House flies and pig manure volatiles: Wind tunnel behavioral studies and electrophysiological evaluations

Allard A. Cossé, Thomas C. Baker

Research output: Contribution to journalArticlepeer-review

59 Scopus citations

Abstract

Nine compounds from the headspace of fresh pig manure were identified as electrophysiologically active on virgin female house fly (Musca domestica L.) antennae, and mixtures of these compounds attracted female house flies in wind-tunnel behavioral assays. Identification was accomplished by using coupled gas chromatographic-electroantennographic (GC-EAG) recordings, coupled gas chromatographic-mass spectrometric (GC-MS) analysis, electroantennographic (EAG) assays of standards, and wind tunnel behavioral studies. The pig manure volatiles eliciting responses from female antennae were butanoic acid, 3-methylbutanoic acid, dimethyldisulfide, dimethyltrisulfide, dimethyltetrasulfide, phenol, benzeneethanol, indole, and 3-methylindole. In EAG dose-response tests butanoic acid, 3-methylbutanoic acid, indole, and 3-methylindole elicited the highest responses on female house fly antennae, and dimethyltrisulfide, phenol, and benzeneethanol elicited more moderate responses. In wind-tunnel behavioral studies, female house flies flew upwind in the plume and landed on the source in response to pig manure volatiles. The ability of individual EAG-active compounds to attract female house flies was not significantly greater than that of the control. However, two mixtures, one comprised of seven EAG-active compounds and a second made up of only three compounds, were capable of attracting female flies in a similar manner as found with pig manure. The behavioral significance of these compounds as potential attractants is discussed.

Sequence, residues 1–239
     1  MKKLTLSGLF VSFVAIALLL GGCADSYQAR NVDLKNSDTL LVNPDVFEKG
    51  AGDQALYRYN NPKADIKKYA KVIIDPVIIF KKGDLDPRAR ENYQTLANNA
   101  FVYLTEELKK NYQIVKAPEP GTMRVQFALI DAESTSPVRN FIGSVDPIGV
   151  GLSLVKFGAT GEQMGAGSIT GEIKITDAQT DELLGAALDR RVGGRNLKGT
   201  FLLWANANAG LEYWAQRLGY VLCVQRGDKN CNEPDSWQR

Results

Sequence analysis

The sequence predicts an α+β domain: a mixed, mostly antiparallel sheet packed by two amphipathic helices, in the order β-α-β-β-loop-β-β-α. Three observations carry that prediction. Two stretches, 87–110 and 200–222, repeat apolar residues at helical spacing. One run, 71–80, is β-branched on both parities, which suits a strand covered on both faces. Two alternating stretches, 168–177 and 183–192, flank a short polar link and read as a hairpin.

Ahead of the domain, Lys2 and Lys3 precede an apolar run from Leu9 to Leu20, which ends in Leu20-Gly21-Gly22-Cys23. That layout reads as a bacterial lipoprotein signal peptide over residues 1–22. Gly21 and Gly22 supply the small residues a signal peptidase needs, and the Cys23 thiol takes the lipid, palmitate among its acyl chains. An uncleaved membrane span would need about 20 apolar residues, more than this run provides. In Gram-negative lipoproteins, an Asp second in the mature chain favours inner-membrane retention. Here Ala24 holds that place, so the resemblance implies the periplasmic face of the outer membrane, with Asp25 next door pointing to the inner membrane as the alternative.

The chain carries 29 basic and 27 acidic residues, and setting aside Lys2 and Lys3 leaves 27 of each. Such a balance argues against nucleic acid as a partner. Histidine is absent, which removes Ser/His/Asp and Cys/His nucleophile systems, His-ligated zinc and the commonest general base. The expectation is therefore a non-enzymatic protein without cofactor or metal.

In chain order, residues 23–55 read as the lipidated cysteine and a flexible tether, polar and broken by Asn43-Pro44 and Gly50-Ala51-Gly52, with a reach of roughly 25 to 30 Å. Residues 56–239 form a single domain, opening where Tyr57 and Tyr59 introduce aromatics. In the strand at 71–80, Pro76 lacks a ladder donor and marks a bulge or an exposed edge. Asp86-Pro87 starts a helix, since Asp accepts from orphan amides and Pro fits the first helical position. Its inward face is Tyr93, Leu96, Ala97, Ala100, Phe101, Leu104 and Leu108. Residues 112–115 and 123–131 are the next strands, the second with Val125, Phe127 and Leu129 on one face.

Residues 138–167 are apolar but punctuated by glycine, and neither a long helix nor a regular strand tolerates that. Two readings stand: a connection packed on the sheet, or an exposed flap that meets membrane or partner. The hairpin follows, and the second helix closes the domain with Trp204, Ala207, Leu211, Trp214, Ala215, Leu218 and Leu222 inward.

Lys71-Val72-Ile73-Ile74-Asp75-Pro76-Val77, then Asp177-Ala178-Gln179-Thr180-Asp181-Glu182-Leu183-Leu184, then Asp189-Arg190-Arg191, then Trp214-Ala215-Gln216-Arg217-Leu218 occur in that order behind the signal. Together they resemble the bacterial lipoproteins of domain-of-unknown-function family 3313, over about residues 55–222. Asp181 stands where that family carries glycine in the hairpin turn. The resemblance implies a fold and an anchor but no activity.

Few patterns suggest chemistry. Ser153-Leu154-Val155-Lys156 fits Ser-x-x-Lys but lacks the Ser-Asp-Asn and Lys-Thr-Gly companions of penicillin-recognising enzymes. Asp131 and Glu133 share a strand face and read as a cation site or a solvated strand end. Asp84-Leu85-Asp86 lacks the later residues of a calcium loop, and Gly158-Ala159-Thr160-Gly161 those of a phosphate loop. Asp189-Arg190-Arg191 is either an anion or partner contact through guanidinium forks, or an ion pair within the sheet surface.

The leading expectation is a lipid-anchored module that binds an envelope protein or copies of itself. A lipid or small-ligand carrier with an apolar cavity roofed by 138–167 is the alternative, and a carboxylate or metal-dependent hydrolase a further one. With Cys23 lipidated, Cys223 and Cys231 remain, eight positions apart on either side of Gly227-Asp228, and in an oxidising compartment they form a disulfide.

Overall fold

Original languageEnglish (US)
Pages (from-to)301-317
Number of pages17
JournalJournal of Agricultural and Urban Entomology
Volume13
Issue number4
StatePublished - 1996

All Science Journal Classification (ASJC) codes

  • Insect Science

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